Why Millennials are obsessed with food photos

Food is increasingly key to Millennials' identity.
22 February 2016
millennials-food photo
Casey Ferrell
Casey
Ferrell

Vice President, Head of U.S. and Canada MONITOR, US

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“You are what you eat” has never been truer for Millennials, whose love affair with all things culinary is a sign of the times. Food is increasingly a key component of identity for a generation that’s had to find more feasible and functional status symbols than those of previous cohorts.

Millennial attitudes about food and cooking

Stronger majorities of Millennials than Xers or Boomers agree (see chart above):

  • “The food I buy says a lot about who I am as a person" (67% versus 59% and 54%, respectively)
  • “When I think about my life, food/cooking is a big part of who I am" (66% versus 61% and 54%)
  • “The kitchen is the center of my home life" (56% versus 50% and 42%)
  • “Learning to cook new dishes or cuisines is a personal accomplishment that is important to me" (73% versus 65% and 53%)

What’s changing?

The centrality of food in Millennial lifestyles is an allegory of this generation’s central dynamic tension—the collision of great expectations with contracting opportunities. Faced with limited access to their predecessors’ traditional aspirational markers of the good life, Millennials have adopted other signs of success and accomplishment. Sure, Millennials’ so-called obsession with food reveals their experience- and sensation-seeking nature. And yes, it illustrates the generation’s growing cultural openness. And of course, it intimates a kind of communitarian yearning that characterizes the cohort. But it also says something more incisive.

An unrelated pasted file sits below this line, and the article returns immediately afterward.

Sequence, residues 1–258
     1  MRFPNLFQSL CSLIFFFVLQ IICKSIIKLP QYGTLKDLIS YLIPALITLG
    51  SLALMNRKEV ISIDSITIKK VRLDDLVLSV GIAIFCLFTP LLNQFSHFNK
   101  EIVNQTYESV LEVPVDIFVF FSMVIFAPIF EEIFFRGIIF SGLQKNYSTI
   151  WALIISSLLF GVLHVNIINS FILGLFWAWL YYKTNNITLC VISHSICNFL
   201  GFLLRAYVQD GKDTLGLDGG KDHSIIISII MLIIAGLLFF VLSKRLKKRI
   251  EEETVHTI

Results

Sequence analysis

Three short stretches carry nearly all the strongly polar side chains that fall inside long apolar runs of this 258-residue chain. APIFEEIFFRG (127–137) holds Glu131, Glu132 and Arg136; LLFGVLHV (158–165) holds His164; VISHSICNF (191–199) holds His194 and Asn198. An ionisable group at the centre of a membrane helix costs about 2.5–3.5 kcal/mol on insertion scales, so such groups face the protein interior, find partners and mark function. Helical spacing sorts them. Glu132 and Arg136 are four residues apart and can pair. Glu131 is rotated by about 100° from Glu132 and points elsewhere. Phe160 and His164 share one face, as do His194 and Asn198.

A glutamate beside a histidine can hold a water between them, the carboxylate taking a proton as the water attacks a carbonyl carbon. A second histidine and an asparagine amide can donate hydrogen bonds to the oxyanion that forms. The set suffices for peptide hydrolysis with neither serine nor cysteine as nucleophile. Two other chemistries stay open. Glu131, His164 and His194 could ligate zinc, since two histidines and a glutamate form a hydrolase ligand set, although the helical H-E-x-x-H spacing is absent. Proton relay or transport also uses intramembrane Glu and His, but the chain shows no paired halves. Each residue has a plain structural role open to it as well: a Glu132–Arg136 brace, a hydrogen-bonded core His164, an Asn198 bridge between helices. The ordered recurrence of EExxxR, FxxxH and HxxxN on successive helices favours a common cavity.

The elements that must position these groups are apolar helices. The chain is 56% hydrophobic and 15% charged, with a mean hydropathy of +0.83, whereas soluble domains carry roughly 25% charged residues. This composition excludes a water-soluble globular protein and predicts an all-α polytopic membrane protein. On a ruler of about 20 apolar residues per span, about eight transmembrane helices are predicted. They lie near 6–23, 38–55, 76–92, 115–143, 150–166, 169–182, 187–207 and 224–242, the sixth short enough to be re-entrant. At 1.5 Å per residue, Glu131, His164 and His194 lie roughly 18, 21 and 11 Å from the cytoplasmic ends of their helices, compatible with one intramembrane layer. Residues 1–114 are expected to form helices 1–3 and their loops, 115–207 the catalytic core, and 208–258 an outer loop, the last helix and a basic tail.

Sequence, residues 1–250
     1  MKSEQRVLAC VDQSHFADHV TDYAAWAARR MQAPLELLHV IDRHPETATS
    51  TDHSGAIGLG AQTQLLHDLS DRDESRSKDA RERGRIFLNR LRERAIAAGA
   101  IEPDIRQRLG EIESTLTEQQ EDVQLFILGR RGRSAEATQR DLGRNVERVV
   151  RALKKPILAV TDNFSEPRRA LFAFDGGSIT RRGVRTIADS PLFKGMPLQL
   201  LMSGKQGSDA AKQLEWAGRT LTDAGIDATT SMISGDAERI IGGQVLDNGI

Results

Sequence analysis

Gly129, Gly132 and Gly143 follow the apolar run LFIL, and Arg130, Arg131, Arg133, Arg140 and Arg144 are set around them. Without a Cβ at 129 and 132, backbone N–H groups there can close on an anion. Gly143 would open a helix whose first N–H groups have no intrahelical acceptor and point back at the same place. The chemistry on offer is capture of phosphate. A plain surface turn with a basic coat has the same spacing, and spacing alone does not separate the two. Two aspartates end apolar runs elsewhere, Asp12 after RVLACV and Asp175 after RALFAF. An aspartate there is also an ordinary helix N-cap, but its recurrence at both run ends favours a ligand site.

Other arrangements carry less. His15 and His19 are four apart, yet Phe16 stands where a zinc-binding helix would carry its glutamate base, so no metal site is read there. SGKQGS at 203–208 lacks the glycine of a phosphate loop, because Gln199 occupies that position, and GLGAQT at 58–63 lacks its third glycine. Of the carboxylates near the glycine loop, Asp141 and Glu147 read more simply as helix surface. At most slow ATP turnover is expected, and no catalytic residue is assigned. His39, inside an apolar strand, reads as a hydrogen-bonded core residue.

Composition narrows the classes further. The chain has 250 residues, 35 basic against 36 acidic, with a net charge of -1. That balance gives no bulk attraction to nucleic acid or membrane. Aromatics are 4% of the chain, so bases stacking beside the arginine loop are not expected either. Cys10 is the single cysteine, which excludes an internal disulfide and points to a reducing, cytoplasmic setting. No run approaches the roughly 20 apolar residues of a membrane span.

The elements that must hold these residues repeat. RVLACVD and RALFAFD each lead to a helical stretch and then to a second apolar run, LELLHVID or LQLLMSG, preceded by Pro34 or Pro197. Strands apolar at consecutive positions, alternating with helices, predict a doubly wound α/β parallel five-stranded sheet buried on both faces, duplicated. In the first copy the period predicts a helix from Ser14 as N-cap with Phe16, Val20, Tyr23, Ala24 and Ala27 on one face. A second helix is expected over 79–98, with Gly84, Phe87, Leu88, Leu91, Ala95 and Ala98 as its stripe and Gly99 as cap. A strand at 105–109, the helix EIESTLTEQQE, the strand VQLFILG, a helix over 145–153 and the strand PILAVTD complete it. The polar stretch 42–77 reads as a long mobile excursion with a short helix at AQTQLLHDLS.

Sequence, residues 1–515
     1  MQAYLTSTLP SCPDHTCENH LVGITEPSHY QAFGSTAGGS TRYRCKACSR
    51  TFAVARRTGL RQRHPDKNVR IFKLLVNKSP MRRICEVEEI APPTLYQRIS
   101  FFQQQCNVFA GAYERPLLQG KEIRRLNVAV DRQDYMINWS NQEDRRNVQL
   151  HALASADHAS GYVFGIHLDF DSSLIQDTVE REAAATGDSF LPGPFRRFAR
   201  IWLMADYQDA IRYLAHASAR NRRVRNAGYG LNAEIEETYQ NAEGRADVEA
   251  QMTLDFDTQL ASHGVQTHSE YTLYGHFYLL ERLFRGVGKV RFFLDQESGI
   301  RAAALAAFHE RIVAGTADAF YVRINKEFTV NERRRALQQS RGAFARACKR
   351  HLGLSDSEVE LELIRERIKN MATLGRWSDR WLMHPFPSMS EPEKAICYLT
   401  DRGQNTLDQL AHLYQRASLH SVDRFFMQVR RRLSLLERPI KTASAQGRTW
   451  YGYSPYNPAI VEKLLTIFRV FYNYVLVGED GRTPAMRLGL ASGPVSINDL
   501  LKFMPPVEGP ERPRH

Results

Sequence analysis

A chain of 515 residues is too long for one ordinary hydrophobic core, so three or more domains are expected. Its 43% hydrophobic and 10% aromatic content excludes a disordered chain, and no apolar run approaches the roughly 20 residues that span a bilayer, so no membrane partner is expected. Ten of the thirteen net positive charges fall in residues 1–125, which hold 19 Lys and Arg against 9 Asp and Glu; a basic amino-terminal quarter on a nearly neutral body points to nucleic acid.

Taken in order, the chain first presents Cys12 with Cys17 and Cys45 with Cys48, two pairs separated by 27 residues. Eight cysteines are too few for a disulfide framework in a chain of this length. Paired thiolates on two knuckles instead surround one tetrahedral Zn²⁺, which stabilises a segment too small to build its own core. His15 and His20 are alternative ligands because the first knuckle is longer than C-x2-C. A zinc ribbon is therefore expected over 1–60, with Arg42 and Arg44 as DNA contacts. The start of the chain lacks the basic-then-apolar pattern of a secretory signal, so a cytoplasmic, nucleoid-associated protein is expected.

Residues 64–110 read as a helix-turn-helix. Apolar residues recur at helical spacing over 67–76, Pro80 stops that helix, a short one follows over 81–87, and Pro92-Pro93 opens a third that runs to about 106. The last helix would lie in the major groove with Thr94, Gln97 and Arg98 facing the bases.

Stagnant wages, mounting debt, employment woes and the Great Recession were for Millennials a far cry indeed from the land of plenty promised by Boomer parents raising them amid a time of unprecedented prosperity. And so with fewer resource at their disposal and fewer opportunities within easy reach, Millennials have had to recalibrate the very nature of their aspirations. A telling outgrowth of this expectations gap is the elevation of sustenance into status.

KEY NUMBERS

74% of Millennials “often pay more for food that has the best taste/quality”

Look no further than social networks for evidence of the cachet that food carries among Millennials. The food photo has become a cultural phenomenon and a new kind of status marker. Eve Turow, author of A Taste of a Generation: How the Millennial Generation’s Love for Organic Fare, Celebrity Chefs, and Microbrews Will Make or Break the Future of Food, says Millennials are “using organic kale as an identifier… As a signal of education, of knowledge, of income.”